Summary
Classifying organic materials by oxygen-to-carbon elemental ratio to predict the activation regime of cloud condensation nuclei (CCN)

Excerpt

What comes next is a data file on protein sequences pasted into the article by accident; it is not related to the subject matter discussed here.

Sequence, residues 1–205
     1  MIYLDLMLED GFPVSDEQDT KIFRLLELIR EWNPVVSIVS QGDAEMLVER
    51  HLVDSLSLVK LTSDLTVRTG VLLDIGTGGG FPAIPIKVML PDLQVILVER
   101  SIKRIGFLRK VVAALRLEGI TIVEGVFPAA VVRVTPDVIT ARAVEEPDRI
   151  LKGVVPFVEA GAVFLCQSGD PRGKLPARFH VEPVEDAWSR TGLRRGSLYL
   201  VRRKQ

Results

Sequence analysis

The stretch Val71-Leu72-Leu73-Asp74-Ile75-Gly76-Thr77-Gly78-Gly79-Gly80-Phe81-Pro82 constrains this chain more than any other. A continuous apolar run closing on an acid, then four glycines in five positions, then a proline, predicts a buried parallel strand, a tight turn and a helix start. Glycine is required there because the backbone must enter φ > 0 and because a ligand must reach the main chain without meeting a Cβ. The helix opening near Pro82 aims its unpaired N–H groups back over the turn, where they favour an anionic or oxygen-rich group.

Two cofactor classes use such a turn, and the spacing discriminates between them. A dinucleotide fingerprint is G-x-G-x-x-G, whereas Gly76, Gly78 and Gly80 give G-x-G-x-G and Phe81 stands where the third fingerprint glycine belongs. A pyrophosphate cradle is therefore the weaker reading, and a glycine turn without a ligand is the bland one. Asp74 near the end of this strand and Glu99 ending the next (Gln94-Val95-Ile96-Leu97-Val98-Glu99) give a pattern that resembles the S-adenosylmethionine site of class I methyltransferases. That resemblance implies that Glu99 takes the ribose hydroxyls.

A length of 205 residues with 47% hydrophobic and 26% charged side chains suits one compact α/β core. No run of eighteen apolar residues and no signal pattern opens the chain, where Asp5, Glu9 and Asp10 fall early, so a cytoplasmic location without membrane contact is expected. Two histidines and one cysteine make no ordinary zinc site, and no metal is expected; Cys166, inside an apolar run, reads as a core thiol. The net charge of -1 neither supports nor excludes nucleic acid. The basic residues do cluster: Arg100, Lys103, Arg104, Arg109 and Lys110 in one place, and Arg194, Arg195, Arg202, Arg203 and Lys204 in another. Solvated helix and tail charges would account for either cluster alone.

Apelblat, A. and Manzurola, E.: Solubility of ascorbic, 2-furancarboxylic, glutaric, pimelic, salicyclic, and o-phthalic acids in water from 279.15-K to 342.15-K, and apparent molar volumes of ascorbic, glutaric, amd pimelic acids in water at 298.15-K, J. Chem. Thermodyn., 21, 1005–1008, doi:10.1016/0021-9614(89)90161-4, 1989.; Apelblat, A. and Manzurola, E.: Solubility of suberic, azelaic, levulinic, glycolic, and diglycolic acids in water from 278.25-K to 361.35-K, J. Chem. Thermodyn., 22, 289–292, doi:10.1016/0021-9614(90)90201-z, 1990.; Apelblat, A. and Manzurola, E.: Solubilities of o-acetylsalicylic, 4-aminosalicylic, 3,5-dinitrosalicylic, and p-toluic acid, and magnesium-DL-aspartate in water from $T=$ (278 to 348) K, J. Chem. Thermodyn., 31, 85–91, doi:10.1006/jcht.1998.0424, 1999.; Bertram, A. K., Martin, S. T., Hanna, S. J., Smith, M. L., Bodsworth, A., Chen, Q., Kuwata, M., Liu, A., You, Y., and Zorn, S. R.: Predicting the relative humidities of liquid-liquid phase separation, efflorescence, and deliquescence of mixed particles of ammonium sulfate, organic material, and water using the organic-to-sulfate mass ratio of the particle and the oxygen-to-carbon elemental ratio of the organic component, Atmos. Chem. Phys., 11, 10995–11006, doi:10.5194/acp-11-10995-2011, 2011.; Bilde, M. and Svenningsson, B.: CCN activation of slightly soluble organics: the importance of small amounts of inorganic salt and particle phase, Tellus B, 56, 128–134, doi:10.1111/j.1600-0889.2004.00090.x, 2004.; Broekhuizen, K., Kumar, P. P., and Abbatt, J. P. D.: Partially soluble organics as cloud condensation nuclei: role of trace soluble and surface active species, Geophys. Res. Lett., 31, L01107, doi:10.1029/2003gl018203, 2004.; Chan, M. N., Kreidenweis, S. M., and Chan, C. K.: Measurements of the hygroscopic and deliquescence properties of organic compounds of different solubilities in water and their relationship with cloud condensation nuclei activities, Environ. Sci. Technol., 42, 3602–3608, doi:10.1021/es7023252, 2008.; Chang, R. Y. W., Slowik, J. G., Shantz, N. C., Vlasenko, A., Liggio, J., Sjostedt, S. J., Leaitch, W. R., and Abbatt, J. P. D.: The hygroscopicity parameter (kappa) of ambient organic aerosol at a field site subject to biogenic and anthropogenic influences: relationship to degree of aerosol oxidation, Atmos. Chem. Phys., 10, 5047–5064, doi:10.5194/acp-10-5047-2010, 2010.; Chen, Q., Liu, Y. J., Donahue, N. M., Shilling, J. E., and Martin, S. T.: Particle-phase chemistry of secondary organic material: modeled compared to measured O : C and H : C elemental ratios provide constraints, Environ. Sci. Technol., 45, 4763–4770, doi:10.1021/es104398s, 2011.; Clegg, S. L. and Seinfeld, J. H.: Thermodynamic models of aqueous solutions containing inorganic electrolytes an